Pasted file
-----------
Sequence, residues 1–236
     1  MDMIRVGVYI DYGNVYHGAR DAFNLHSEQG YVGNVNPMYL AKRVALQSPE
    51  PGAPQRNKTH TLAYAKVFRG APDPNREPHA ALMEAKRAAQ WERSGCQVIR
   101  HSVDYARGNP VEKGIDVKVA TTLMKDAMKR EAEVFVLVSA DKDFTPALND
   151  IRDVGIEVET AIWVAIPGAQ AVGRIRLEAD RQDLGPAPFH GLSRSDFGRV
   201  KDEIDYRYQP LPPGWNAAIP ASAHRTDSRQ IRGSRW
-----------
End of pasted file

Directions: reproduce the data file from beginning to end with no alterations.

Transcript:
Sequence, residues 1–236
     1  MDMIRVGVYI DYGNVYHGAR DAFNLHSEQG YVGNVNPMYL AKRVALQSPE
    51  PGAPQRNKTH TLAYAKVFRG APDPNREPHA ALMEAKRAAQ WERSGCQVIR
   101  HSVDYARGNP VEKGIDVKVA TTLMKDAMKR EAEVFVLVSA DKDFTPALND
   151  IRDVGIEVET AIWVAIPGAQ AVGRIRLEAD RQDLGPAPFH GLSRSDFGRV
   201  KDEIDYRYQP LPPGWNAAIP ASAHRTDSRQ IRGSRW